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Sci Rep. 2019 Jul 29;9(1):11014. doi: 10.1038/s41598-019-47214-4.

Identification of the Catechin Uptake Transporter Responsible for Intestinal Absorption of Epigallocatechin Gallate in Mice.

Author information

1
Biological Science laboratories, Kao Corporation, Tochigi, Japan.
2
Biological Science laboratories, Kao Corporation, Tochigi, Japan. mori.takuya@kao.com.
3
Analytical Science laboratories, Kao Corporation, Tochigi, Japan.
4
Faculty of Pharmaceutical Sciences, Institute of Medical, Pharmaceutical and Health Sciences, Kanazawa University, Kanazawa, Japan.

Abstract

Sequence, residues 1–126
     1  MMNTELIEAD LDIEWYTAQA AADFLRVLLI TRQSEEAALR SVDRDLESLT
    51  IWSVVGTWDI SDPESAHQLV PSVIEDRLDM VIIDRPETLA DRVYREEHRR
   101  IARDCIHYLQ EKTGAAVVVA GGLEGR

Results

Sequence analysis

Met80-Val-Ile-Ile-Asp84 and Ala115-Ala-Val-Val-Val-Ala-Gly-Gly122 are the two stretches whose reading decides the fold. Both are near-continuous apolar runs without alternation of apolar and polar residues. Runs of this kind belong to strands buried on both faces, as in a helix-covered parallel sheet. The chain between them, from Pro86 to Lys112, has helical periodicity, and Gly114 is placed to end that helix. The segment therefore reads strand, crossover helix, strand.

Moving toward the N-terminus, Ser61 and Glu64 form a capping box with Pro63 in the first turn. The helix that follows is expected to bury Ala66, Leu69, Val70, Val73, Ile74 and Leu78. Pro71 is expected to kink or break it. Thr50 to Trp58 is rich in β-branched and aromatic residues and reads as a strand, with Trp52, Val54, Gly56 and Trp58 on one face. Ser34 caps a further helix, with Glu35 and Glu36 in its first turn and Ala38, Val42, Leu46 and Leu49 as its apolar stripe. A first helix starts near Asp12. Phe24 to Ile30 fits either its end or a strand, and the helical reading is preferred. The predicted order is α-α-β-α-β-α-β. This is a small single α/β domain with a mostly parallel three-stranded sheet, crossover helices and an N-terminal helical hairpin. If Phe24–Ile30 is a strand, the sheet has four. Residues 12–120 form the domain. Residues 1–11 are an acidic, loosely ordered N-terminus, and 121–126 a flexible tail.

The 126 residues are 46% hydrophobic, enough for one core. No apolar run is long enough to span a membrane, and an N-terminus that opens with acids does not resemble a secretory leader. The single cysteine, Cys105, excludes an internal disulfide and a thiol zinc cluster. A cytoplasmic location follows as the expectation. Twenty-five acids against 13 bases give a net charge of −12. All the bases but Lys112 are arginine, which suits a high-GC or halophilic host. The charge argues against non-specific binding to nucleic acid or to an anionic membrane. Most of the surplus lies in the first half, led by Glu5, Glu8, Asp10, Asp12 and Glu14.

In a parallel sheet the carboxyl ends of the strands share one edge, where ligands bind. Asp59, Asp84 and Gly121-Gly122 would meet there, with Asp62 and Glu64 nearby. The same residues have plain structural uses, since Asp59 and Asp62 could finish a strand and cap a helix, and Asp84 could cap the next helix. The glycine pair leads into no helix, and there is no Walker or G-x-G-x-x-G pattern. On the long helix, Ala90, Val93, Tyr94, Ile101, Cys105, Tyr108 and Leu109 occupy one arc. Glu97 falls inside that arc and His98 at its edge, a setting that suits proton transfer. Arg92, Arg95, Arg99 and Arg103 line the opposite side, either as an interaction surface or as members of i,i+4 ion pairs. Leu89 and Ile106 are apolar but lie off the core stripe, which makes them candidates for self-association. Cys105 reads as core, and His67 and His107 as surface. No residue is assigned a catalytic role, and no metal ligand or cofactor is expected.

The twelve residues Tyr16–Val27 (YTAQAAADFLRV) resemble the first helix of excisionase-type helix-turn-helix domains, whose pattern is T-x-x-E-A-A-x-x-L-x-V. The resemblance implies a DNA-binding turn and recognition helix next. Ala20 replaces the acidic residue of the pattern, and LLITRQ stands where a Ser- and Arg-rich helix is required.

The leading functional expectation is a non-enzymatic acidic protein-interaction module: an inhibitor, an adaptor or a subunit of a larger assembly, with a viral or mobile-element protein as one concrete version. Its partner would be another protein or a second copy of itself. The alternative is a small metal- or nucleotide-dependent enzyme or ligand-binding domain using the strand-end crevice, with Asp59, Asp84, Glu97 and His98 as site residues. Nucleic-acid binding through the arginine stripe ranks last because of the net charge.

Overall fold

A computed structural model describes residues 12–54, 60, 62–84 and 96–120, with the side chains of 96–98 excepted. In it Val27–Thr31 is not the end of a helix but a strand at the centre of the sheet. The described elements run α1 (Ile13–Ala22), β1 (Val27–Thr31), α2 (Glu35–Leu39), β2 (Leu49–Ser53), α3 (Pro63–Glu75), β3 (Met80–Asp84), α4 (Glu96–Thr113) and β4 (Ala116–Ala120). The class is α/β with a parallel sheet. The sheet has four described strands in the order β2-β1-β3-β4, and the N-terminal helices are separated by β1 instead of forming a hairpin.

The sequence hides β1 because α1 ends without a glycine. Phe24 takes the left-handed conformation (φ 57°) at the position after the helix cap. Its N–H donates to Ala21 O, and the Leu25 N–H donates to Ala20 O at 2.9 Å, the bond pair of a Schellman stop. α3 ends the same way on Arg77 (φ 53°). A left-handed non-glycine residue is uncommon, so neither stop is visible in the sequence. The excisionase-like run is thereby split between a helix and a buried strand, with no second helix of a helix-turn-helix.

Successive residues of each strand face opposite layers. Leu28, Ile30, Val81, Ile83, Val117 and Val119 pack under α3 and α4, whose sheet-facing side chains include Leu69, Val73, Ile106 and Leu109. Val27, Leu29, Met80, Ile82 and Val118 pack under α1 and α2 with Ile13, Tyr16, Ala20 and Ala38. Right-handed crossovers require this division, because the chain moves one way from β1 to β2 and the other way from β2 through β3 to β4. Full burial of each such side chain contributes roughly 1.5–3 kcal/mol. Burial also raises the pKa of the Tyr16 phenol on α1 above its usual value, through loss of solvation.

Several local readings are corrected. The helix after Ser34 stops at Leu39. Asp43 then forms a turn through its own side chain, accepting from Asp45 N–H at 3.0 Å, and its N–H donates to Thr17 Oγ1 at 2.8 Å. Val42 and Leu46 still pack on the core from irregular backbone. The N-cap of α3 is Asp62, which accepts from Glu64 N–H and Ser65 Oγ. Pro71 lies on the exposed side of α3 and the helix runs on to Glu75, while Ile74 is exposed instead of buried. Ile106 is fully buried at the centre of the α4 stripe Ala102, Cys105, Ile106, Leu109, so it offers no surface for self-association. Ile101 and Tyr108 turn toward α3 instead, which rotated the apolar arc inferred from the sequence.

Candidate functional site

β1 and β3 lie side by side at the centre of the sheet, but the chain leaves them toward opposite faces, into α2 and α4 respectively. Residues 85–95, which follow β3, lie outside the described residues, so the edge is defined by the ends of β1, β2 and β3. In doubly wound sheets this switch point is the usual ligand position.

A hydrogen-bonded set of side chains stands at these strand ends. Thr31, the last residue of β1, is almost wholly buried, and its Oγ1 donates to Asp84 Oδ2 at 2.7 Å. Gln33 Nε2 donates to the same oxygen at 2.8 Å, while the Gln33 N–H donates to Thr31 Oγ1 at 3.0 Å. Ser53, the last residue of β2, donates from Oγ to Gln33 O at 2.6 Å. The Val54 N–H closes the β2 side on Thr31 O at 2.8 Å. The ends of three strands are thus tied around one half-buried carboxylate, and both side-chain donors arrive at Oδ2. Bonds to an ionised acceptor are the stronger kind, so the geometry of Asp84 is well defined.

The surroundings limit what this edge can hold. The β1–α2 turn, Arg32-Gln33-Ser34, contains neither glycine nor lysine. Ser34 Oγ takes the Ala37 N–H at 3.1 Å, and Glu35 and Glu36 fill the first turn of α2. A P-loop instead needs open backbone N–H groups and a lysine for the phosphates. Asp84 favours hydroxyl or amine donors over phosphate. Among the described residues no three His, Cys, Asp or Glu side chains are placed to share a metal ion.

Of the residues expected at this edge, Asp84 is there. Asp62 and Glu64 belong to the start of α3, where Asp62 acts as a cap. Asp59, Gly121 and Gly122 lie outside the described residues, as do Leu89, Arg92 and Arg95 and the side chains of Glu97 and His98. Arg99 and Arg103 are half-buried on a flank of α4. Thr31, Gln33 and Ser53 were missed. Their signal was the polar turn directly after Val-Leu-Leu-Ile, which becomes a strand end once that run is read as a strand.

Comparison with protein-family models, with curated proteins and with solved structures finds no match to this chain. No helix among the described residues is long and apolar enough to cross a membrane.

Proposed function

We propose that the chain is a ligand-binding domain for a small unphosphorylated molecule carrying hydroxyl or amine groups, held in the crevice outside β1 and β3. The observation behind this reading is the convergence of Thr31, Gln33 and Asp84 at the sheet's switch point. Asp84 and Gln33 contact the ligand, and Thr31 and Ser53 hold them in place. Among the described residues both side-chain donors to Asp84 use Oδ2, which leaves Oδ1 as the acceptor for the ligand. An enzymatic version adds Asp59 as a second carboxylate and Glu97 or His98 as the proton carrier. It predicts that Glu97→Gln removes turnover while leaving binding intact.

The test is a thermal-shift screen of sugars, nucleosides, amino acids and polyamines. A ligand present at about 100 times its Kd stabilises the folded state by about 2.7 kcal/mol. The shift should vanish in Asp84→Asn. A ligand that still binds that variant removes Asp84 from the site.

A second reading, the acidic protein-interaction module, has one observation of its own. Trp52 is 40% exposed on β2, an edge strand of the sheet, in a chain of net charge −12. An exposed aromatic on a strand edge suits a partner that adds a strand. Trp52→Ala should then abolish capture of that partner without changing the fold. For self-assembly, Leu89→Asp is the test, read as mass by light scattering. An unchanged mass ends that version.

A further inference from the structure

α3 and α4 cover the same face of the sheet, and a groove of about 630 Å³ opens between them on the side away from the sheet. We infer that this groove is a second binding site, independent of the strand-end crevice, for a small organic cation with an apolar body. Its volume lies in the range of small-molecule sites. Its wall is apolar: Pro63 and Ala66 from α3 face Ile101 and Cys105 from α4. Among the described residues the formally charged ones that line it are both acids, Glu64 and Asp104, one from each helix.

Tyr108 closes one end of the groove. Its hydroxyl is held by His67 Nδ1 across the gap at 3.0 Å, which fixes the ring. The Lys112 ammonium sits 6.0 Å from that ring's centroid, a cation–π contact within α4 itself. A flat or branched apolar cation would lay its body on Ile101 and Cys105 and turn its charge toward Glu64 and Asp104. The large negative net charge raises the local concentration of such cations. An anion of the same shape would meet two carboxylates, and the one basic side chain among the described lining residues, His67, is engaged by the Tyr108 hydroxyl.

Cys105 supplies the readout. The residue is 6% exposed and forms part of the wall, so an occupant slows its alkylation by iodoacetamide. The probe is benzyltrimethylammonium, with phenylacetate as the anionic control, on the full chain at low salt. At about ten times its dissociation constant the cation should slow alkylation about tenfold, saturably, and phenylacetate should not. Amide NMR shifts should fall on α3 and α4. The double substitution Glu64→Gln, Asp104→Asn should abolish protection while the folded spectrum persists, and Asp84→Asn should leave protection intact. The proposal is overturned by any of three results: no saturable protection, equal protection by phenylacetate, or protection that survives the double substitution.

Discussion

Many studies have shown that epigallocatechin gallate (EGCg) contribute to the health benefits of green tea, although its bioavailability is usually low. However, the mechanism underlying its intestinal absorption remains unclear. In human subjects, it has been reported that the bioavailability of EGCg increases after repeated oral catechin intake. We hypothesized that a certain uptake transporter was involved in this increase, and investigated a novel EGCg transporter. We first confirmed the increase in EGCg bioavailability in mice fed the catechin diet for two weeks. Then, in situ intestinal catechin infusion exhibited that the absorption of EGCg in the ileum was selectively increased in mice fed the catechin diet. A comprehensive analysis of plasma membrane proteins revealed 10 candidates for EGCg transporter, which were selectively increased in the ileum. EGCg uptake by a Xenopus laevis oocyte expressed with respective transporter revealed that oocytes microinjected with DTDST cRNA exhibited significantly higher EGCg uptake. Furthermore, uptake of EGCg by CHO-K1 cells stably expressing DTDST was significantly higher than that by mock cells, which was nullified by treating with a DTDST inhibitor. In conclusion, this study identified DTDST as a novel intestinal EGCg transporter that is upregulated after repeated oral catechin intake.

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